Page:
Dr. Nii Moi Thompson must have been having a terrible day when he granted a radio interview to comment on the decision by the Ghana Education Service to ban the use of mobile phones on secondary school campuses.
His thoughts on the matter seemed distressingly porous.
He said the ban was unnecessary and amounted to a deliberate failure to “take advantage of technology”. He suggests that instead of an outright ban, the GES must encourage authorities in the various secondary schools to “regulate” the use of mobile phones by, for example, getting the students to be “checking in” their phones in order not to disrupt academic work.
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Those suggestions coming from a man with a doctorate degree, threw me into a labyrinth of depressing disappointment.
Because of my limited education, I am quite wary of arguing with people with PhD holders. I never thought that there would be a time when I’d dare challenge someone like Dr. Nii Moi Thompson. But on this issue, I think I just might as well give it a shot.
The Ghana Education Service hardly takes sensible, well thought-out decisions. But on this issue, the service is right. And people like Dr. Nii Moi Thompson are dead wrong.
I have heard some people put up the spurious argument that secondary school students should be allowed to use mobile phones on campus because they need to keep in touch with their parents and the mobile phone is the best way to do that.
Before mobile phones, when the likes of Dr. Nii Moi Thompson were in secondary school, how did they communicate with their parents and guardians? Through letters and public pay phones. That’s what I did. The secondary school students of today should do the same.
Mobiles phones cannot be allowed on campuses because they are an unnecessary distraction. Imagine classes are in session and suddenly a phone rings. What’s the owner to do? Pick up the call and ask to be excused from the class?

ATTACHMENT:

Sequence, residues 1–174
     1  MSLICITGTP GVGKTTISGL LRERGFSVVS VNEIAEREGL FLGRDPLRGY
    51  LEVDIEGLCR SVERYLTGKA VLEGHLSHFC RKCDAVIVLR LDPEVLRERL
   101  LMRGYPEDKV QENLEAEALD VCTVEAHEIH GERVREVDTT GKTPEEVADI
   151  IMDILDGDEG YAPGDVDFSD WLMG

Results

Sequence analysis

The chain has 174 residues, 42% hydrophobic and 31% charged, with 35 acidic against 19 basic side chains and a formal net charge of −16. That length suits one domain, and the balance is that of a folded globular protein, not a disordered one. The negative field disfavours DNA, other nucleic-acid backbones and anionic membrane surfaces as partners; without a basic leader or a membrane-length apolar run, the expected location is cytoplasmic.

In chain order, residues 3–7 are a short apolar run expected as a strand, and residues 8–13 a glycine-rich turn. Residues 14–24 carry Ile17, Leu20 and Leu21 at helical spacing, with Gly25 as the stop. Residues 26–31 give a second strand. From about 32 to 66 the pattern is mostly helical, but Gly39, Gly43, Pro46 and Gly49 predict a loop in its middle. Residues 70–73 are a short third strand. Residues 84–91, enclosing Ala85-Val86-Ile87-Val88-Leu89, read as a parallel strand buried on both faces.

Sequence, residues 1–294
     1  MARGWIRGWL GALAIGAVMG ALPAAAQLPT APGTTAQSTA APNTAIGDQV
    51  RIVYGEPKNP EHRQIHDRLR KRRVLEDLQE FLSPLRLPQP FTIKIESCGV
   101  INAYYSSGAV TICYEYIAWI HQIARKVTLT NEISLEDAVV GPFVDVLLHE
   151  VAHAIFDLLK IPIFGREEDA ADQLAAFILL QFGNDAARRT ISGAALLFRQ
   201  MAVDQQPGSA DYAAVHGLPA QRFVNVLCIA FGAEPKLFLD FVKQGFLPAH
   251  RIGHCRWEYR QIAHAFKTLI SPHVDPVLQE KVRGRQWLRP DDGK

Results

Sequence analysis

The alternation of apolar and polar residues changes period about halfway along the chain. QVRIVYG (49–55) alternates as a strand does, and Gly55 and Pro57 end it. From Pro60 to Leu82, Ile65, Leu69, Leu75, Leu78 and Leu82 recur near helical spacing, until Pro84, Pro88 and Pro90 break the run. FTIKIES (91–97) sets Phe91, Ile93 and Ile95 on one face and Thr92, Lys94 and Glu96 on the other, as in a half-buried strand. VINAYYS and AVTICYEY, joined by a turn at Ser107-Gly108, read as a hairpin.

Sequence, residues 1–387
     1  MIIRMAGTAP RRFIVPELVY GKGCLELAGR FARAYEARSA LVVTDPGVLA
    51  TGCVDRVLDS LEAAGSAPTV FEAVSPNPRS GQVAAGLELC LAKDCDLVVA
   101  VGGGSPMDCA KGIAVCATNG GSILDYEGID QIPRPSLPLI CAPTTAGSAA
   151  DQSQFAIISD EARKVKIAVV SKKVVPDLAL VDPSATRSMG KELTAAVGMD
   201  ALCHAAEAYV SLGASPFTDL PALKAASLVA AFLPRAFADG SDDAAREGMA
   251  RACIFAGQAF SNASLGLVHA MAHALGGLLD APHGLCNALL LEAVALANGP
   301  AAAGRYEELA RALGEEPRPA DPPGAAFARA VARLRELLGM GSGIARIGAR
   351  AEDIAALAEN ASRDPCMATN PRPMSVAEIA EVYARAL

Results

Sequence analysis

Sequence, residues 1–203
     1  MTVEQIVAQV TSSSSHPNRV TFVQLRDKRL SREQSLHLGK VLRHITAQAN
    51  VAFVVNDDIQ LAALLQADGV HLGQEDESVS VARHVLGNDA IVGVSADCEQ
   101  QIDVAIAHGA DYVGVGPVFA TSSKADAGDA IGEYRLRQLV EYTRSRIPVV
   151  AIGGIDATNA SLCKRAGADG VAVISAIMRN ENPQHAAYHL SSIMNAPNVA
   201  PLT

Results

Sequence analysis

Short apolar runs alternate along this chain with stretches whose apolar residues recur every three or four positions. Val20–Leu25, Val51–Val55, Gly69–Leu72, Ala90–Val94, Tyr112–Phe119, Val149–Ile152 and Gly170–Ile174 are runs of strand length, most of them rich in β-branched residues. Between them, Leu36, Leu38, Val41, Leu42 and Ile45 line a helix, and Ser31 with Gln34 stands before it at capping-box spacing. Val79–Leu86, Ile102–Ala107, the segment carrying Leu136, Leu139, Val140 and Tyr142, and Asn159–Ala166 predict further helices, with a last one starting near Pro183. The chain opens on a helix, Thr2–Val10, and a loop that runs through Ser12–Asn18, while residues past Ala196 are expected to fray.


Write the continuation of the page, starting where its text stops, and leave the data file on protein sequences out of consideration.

Imagine that it’s lights out in the dormitory and whiles almost everyone is trying to catch some sleep, some few students decide to take advantage of the technology of free-night calls. You can be sure that those free night calls will not be to their parents.
Finally, if all students were allowed to bring phones to school, how are they going to recharge their batteries, at what cost and who picks up the bill? I can imagine the scramble for power sockets and I can also see parents fuming at the suggestion that they should contribute a little more money towards paying off the electricity bills.
Dr. Nii Moi Thompson’s suggestions that there should be a mechanism to allow students to bring phones to school and check them in whiles classes are in session is untenable. It won’t work. School authorities cannot (and should never) be compelled to use scarce resources to build phone check-in stalls and hire people manage them – all in an effort to it possible for students to take advantage of technology to engage in cyber-truancy – they are in class, but they are also on facebook.
When I was in secondary school, we were barred from bringing radio cassette/CD players to school. They were also useful technologies we could have argued helped us to keep abreast with the latest news and information. But we didn’t. Those who dared to bring radio sets to school were punished and the equipment seized. So the argument that banning mobile phones on secondary school campuses amounts to a technological deprivation is as weak as it is false.